Frame Check Sequence (FCS)---Filed by the source station with a


calculated cyclic redundancy check value dependent on frame
contents (as with Token Ring and Ethernet). The destination
address recalculates the value to determine whether the frame
was damaged in transit. If so, the frame is discarded.

End Delimiter---Contains unique symbols, which cannot be data


symbols, that indicate the end of the frame.
Frame Status---Allows the source station to determine whether an
error occurred and whether the frame was recognized and copied
by a receiving station.

FDDI Frame Format:

FDDI Frame

Frame Control (FC): 8 bits

has bit format CLFFZZZZ

C indicates synchronous or asynchronous frame

L indicates use of 16 or 48 bit addresses

FF indicates whether it is a LLC, MAC control or reserved frame

in a control frame ZZZZ indicates the type of control

Destination Address (DA): 16 or 48 bits


specifies station for which the frame is intended

Source Address (SA): 16 or 48 bits

specifies station that sent the frame

Here is what the FDDI frame format looks like:

FDDI Frame Format

FDDI Frame Format:

PA - Preamble 16 symbols

SD - Start Delimiter 2 symbols

FC - Frame Control 2 symbols

DA - Destination Address 4 or 12 symbols


SA - Source Address 4 or 12 symbols

FCS - Frame Check Sequence 8 symbols, covers the FC, DA, SA


and Information

ED - End Delimiter 1 or 2 symbols

FS - Frame Status 3 symbols

Token is just the PA, SD, FC and ED

Preamble:

The Token owner as a minimum of transmits the preamble 16


symbols of Idle. Physical Layers of the subsequent repeating
stations can change the length of the Idle pattern according to
the Physical Layer requirements. Therefore, each repeating
station may see a variable length preamble from the original
preamble. Tokens will be recognized as long as its preamble
length is greater than zero. If a valid token is received and
cannot be processed (repeated), due to expiration of ring timing
or latency constraints the station will issue a new token to be put
on the ring.

A given MAC implementation is not required to be capable of


copying frames received with less than 12 symbols of preamble;
Nevertheless, with such frames, it cannot be correctly repeated.
Since the preamble cannot be repeated, the rest of the frame will
not be repeated as well.

Starting Delimiter :

This field of the frame denodes the start of the frame. It can only
have symbols 'J' and 'K'. These symbols will not be used
anywhere else but in the starting delimiter of a token or a frame.

Frame Control:

Frame Control field descibes what type of data it is carrying inthe


INFO field. Here are the most common values that are allowed in
the FC field:

40: Void Frame.

41,4F: Station Management (SMT) Frame.

C2,C3: MAC Frame.

50,51: LLC Frame.

60: Implementor Frame.

70: Reserved Frame.

Please note that the list here are only the most common values
that can be formed by a 48 bit addressedynchronous data frames.

Destination Address:

Destination Address field contains 12 symbols that identifies the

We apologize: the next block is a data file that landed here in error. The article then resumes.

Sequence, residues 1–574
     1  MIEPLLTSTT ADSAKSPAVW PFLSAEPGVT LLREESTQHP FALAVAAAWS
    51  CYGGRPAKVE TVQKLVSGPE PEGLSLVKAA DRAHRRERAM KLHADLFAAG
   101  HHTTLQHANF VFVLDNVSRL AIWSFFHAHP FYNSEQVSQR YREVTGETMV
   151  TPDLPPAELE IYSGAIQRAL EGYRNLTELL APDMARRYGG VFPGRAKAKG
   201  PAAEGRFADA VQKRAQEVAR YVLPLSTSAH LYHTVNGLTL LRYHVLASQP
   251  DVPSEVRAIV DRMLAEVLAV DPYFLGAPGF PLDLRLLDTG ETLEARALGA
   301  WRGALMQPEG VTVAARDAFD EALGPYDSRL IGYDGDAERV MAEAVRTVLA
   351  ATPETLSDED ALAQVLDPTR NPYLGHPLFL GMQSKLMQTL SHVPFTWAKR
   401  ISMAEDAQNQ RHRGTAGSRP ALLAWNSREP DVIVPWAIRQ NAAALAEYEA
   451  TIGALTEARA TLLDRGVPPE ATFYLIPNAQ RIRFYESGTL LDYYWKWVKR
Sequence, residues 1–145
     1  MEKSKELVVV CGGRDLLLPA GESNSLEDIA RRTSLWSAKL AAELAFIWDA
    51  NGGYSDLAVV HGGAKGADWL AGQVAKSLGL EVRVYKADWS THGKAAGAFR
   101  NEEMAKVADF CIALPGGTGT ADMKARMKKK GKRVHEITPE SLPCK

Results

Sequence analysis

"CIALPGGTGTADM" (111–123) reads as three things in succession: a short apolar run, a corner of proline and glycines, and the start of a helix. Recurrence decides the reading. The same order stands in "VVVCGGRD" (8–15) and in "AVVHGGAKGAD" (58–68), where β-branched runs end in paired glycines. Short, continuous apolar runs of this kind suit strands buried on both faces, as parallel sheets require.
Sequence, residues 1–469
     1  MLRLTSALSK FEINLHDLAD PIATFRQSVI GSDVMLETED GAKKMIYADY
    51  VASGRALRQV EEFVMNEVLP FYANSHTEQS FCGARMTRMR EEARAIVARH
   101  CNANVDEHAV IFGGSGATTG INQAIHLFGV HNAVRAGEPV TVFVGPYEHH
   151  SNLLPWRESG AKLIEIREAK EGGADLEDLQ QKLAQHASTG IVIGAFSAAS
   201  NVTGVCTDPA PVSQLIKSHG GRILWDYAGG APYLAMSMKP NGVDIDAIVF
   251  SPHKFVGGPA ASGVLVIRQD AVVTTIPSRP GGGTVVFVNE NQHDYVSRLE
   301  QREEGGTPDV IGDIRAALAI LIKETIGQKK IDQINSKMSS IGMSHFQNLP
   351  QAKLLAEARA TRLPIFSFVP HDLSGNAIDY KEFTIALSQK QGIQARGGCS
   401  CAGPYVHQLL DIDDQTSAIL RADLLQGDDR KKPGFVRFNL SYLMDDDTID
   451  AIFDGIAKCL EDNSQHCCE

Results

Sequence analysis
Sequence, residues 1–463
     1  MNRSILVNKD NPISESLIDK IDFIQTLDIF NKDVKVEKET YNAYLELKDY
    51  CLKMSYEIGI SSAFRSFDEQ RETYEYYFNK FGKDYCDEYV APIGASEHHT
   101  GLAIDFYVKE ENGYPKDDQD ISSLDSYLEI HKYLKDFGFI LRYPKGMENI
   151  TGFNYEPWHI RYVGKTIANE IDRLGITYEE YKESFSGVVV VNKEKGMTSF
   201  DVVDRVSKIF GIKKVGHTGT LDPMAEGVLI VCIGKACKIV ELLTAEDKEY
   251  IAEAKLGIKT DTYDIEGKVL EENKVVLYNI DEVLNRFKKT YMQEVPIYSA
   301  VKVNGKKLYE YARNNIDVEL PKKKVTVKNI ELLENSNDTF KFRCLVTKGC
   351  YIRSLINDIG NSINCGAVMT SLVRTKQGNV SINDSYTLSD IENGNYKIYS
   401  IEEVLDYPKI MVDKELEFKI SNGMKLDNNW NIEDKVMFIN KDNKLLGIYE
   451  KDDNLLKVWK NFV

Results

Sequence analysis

station that is receiving this particular frame. When FDDI is first
setup, each station is given a unique address that identifies
themselves from the others. When a frame passed by the station,
the station will compare its address against the DA field of the
frame. If it is a match, station then copies the frame into its
buffer area waiting to be processed. There is not restriction on the
number of stations that a frame can reach at a time. If the first
bit of the DA field is set to '1', then the address is called a group
or global address. If the first bit is '0', then the address is called
individual address. As the name suggests, a frame with a global
address setting can be sent to multiple stations on the network. If
the frame is intended for everyone on the network, the address
bits will be set to all 1's. Therefore, a global address contains all
'F' symbols. There are also two different ways of administer these
addresses. One's called local and the other's called universal.
The second bit of the address field determine whether or not the
address is locally or universally administered. If the second bit is
'1' then it is locally administered address. If the second bit is a
'0', then it is universally administered adress.A locally administer
address are addresses that havebeen assigned by the network
administrator and a universally administered addresses are pre-
assigned by the manufacturer's OUI.

Source Address:

A Source Address identifies the station that created the frame.


This field is used for remove frames from the ring. Each time a
frame is sent, it travels around the ring, visiting each station,and
eventually (hopefully) comes back to the station that originally
sent that frame. If the address of a station matches the SA field
inthe frame, the station will strip the frame off the ring. Each
stationis responsible for removing its own frame from the ring.

Information Field:
INFO field is the heart and soul of the frame. Every components
of the frame is designed around this field; Who to send it to,
where's this coming from, how it is received and so on.The type of
information in the INFO field can be found by looking in the FC
field of the frame. For example:'50'(hex) denodes a LLC frame.